Modern warfare comes with a far more complex web of influences than many may recognize at first glance. Gone are the days of developing new weapons systems solely for the purpose of winning wars or securing a strategic advantage over potential opponents — in today’s global economy, it’s not enough to build the weapon, more often than not, you’ve got to sell it too. Much of American and Russian rhetoric regarding ballistic missile defense systems, for instance, can be seen as a form of marketing, with nations like Japan and China purchasing these platforms from each nation respectively.

This foreign market methodology is important: sharing the cost of the F-35s development among allies has helped to offset some of the massive expense associated with the program, but one could argue that foreign sales are an even larger imperative for America’s economically struggling competition in the Kremlin. With an understanding that Russia’s claims of combat performance in theaters like Syria are tied to more than just a sense of national pride, but are really an attempt to help fund weapons programs through outside channels, you can begin to appreciate the ways Moscow uses their massive propaganda and disinformation machines for things like pretending a poorly performing combat platform is actually capable and worthy of outside investment.

Enter the Uran-9 combat drone.

Back in May, Russia announced that their remote-controlled tank-buster had seen combat in Syria, working alongside their Uran-6 anti-mine vehicle and earning its place among other combat hardened platforms in Russia’s annual Victory Day parade. At the time, we here at SOFREP wondered aloud about what sort of combat this new platform had really seen, since Russia had chosen not to publicize what would likely have been a significant marketing victory for the Russian military industrial complex. We weren’t the only ones — Samuel Bendett, a research analyst at the Center for Naval Analyses opined at the time:

In reality, Uran-9 tests in Syria should have garnered major attention from all major Russian news outlets, given how proud Russian are of their remote-controlled tank … Still, such tests may have taken place in secret — the way Russians supposedly tested Soratnik UGV in ‘near-combat conditions.’”

The semi-autonomous combat vehicle comes equipped with a 30 mm 2A72 autocannon as its primary weapon, along with 7.62 chambered PKTM machine gun, four anti-tank missiles and 6 thermobaric rocket launchers. Russia claims it can be controlled by an operator up to three kilometers away, and if you’re looking for their opinion, they’ll tell you that platforms like the Uran-9 represent the future of ground combat support.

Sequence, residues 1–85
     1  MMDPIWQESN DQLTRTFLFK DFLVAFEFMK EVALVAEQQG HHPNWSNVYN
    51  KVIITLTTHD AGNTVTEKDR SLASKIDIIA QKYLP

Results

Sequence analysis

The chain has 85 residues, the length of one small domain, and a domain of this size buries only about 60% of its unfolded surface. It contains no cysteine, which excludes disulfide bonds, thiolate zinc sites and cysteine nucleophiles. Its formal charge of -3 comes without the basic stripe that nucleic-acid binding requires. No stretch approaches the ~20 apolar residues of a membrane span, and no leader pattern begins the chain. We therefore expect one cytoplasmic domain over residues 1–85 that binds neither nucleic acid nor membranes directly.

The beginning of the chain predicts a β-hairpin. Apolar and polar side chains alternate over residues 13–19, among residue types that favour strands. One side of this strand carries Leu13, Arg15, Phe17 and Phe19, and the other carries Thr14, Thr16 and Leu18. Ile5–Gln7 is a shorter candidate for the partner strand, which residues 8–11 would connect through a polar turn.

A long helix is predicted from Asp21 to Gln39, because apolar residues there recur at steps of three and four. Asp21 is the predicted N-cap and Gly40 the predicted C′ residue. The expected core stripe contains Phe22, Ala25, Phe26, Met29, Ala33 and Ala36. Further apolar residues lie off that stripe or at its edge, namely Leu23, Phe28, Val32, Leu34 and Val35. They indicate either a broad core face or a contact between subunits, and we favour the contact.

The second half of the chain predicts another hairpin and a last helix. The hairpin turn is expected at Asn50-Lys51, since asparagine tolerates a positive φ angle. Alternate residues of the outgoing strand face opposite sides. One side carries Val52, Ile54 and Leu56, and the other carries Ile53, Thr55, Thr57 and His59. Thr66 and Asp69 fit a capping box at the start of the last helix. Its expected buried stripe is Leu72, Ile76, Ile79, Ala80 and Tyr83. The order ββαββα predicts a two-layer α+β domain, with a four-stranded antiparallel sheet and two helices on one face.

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Now, months later, the truth about the Uran-9’s combat deficiencies are beginning to come to light, thanks in large part to discussions at a Russian security conference called “Actual Problems of Protection and Security” held at the N.G. Kuznetsov Naval Academy in St. Petersburg recently. During the conference, A.P. Anisimov, a Senior Research Officer from the 3rd Central Research Institute of the Russian Defence Ministry, laid out a series of serious problems operators had to contend with when attempting to use the drone in Syria.

In short, Anisimov concluded that the Uran-9 is not currently capable of performing the tasks for which it was designed, most notable, participating in combat operations. Despite claims of a three-kilometer range, operators lost control of their vehicles at distances ranging from only 300-500 meters when functioning around low-rise buildings. During testing, operators lost complete control over their Uran-9 assets for a short duration (up to one minute) seventeen times, with two more instances of loss of control lasting as long as one and a half hours.

Those weren’t even all the problems the tank-drone ran into. The chassis of the platform itself proved to be riddled with issues, forcing in-field repairs of things like supporting and guiding rollers and suspension springs. The drive train also proved unreliable, its reconnaissance capabilities proved to be extremely exaggerated (it could identify targets no further than 2 kilometers away) and the mighty 30mm 2A72 automatic cannon failed to function properly on six different occasions. Anisimov went on to note that the targeting system for the gun relies on a visual feed provided by a camera that isn’t stabilized, making identifying, tracking and engaging targets extremely difficult at any distance.

Like many other Russian endeavors (like nuclear powered cruise missiles), the Uran-9 seems to have proven to be more about novelty than capability, but that doesn’t mean these tests are without value. In time (and with funding) a successor to the Uran-9 may one day be a battlefield force to be reckoned with.

For now however, stories of the Uran-9’s successes in combat are, like so many Russian statements regarding operations in Syria, more a matter of propaganda than anything else.

Watch a promotional video for the Uran-9 below:

Featured image: The new “Uran-9” robo-tank has already been deployed in Syria | Facebook/Ministry of Defence of the Russian Federation